Artist Mel Howse discusses the process of cartooning for our newest piece of glass art
In the stained glass tradition, the working drawing that an artist uses to create the final glasswork is called a cartoon. This cartoon is a full-size drawing at 1:1 scale and can be in either colour or black and white.
It conveys the essence of the glass work to come: the size and the shape of the glass pieces, details of applied techniques such as paintwork or etching. Quite simply, it is the glassmaker’s guide for the coming stage of creating the art in glass.
For me today, cartooning is a process of distillation, where I work out all the compositional and practical challenges of the design at larger scales, on its journey to become an artwork in glass. The cartoon stage often has an influence on the choices I make about how my work is made and sometimes brings about development and new inspiration not considered at the birth of the design.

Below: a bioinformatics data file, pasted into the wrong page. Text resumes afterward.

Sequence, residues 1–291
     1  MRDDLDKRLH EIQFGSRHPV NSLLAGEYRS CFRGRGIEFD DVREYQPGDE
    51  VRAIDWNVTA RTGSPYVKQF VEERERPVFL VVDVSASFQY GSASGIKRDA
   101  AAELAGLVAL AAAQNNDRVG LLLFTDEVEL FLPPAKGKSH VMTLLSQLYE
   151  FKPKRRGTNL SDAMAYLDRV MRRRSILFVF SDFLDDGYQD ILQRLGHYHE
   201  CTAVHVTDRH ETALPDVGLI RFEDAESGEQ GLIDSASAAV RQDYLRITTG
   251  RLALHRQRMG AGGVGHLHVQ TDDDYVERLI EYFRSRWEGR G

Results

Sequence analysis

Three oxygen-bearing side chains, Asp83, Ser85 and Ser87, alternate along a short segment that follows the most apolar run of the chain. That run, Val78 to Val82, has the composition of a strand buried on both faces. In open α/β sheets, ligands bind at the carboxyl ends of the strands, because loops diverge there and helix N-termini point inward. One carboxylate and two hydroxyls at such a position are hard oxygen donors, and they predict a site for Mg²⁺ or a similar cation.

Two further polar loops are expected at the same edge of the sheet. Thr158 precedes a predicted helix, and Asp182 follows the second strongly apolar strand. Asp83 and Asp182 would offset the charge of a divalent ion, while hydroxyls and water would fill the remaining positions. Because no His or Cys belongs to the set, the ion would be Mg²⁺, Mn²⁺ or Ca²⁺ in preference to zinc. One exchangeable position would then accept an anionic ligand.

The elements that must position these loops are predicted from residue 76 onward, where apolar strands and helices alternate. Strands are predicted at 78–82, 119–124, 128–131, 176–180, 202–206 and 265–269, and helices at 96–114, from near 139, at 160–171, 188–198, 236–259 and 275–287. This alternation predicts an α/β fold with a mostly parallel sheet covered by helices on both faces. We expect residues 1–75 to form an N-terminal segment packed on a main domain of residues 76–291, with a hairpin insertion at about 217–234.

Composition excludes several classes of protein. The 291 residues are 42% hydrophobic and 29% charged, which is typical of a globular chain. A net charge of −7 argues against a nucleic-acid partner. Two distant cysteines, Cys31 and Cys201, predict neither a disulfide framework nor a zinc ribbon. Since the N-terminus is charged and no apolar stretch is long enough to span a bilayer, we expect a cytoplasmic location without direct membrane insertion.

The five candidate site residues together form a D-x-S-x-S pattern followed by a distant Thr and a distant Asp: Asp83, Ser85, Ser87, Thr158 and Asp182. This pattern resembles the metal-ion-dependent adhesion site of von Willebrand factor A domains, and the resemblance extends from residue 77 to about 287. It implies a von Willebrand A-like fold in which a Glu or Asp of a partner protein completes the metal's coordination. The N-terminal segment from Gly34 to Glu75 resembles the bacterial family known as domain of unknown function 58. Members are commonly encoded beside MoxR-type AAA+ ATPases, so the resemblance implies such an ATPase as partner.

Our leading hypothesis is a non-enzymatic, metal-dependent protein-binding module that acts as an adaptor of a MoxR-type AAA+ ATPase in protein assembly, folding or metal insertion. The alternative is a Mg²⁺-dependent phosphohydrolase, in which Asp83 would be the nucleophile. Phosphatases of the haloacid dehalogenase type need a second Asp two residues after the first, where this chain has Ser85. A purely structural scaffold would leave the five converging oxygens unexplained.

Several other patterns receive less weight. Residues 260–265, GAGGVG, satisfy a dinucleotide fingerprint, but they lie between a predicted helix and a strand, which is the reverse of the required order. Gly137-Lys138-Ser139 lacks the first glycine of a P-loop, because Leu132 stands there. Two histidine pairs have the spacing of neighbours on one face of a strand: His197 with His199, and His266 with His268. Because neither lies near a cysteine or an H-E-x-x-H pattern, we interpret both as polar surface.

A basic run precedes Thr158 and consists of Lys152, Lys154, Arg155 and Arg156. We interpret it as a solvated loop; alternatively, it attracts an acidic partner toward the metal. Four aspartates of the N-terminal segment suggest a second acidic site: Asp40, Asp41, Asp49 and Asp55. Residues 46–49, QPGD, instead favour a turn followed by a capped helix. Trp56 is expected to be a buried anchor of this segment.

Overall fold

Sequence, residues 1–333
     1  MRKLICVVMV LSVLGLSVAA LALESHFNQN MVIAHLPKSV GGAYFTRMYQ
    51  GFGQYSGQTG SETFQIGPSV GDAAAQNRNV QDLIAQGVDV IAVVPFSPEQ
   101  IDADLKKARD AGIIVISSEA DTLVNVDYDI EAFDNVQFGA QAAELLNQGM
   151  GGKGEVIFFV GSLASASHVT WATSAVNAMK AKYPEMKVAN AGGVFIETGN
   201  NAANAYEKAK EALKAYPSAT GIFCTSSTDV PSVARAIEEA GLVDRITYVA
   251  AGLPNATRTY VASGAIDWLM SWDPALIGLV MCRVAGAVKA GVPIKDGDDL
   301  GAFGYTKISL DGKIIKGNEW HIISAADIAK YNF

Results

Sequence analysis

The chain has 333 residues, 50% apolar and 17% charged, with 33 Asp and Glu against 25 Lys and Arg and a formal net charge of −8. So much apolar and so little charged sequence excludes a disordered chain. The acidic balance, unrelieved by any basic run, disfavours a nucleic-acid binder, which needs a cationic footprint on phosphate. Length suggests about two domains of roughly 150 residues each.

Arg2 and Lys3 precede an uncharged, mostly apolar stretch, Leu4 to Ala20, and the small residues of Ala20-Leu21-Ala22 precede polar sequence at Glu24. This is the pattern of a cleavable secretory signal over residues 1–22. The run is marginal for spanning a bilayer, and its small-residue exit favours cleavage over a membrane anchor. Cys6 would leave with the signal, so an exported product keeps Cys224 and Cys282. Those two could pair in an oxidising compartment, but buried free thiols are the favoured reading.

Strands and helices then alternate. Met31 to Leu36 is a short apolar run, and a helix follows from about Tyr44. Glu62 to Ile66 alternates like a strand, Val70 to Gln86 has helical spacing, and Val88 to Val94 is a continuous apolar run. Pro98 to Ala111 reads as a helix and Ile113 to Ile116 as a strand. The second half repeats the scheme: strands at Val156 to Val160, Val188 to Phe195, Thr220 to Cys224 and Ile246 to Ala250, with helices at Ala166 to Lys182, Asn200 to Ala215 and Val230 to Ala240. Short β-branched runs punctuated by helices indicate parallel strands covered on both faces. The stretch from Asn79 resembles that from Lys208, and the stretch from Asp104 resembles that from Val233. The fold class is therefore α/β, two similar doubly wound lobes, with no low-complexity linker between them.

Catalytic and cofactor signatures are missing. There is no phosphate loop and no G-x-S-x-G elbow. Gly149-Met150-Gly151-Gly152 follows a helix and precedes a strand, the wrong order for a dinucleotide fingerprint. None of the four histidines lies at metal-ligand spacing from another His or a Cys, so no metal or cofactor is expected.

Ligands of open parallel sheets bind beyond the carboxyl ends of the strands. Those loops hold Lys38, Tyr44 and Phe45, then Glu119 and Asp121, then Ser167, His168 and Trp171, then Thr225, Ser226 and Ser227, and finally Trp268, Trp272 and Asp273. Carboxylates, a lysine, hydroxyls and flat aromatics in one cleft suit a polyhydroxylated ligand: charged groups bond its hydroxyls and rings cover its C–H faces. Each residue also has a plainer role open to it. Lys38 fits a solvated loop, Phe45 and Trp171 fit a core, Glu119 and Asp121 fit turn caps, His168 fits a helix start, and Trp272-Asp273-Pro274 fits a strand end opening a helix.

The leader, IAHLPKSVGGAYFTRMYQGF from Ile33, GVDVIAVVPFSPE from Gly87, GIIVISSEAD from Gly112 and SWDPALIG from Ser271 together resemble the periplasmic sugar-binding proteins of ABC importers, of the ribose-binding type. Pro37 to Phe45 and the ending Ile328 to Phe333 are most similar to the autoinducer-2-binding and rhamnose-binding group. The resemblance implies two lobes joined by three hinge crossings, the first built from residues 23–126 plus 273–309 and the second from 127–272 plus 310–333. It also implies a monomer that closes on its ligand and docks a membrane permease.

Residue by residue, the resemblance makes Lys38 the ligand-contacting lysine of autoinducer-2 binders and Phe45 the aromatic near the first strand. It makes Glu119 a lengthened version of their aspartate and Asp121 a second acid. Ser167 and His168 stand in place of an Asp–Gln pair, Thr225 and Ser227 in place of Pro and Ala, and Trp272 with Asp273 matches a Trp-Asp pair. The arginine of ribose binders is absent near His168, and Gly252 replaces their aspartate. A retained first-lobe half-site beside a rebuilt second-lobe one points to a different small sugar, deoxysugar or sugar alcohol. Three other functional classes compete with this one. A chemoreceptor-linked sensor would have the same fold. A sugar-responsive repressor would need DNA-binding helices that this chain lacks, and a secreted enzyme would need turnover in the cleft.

The opportunities offered today by large-format printing are inescapable, and technology has a place in this historic art form. However, one must appreciate that in enlarging the original imagery one both gains and loses detail in the process. I think there will always be instances where one still needs to progress the art by hand in order to maintain artistic definition – the hand of the artist, if you will.
Throughout my career I have continued to use my skills for technical drawing as well as direct free-hand working by eye.
The full-size cartoon for The Illumination Window for Durham Cathedral was revealed to the project team in early 2018. Since which time, the original design has grown in depth, resolution and definition immeasurably. For this window I have created several large-scale and full-scale fully-developed paintings, in essence, themselves worthy of pieces of art. Putting significant work into this stage of such a commission pays real dividends for the quality of the completed work and one’s preparedness for the last step – the making.
Written by Mel Howse, 2019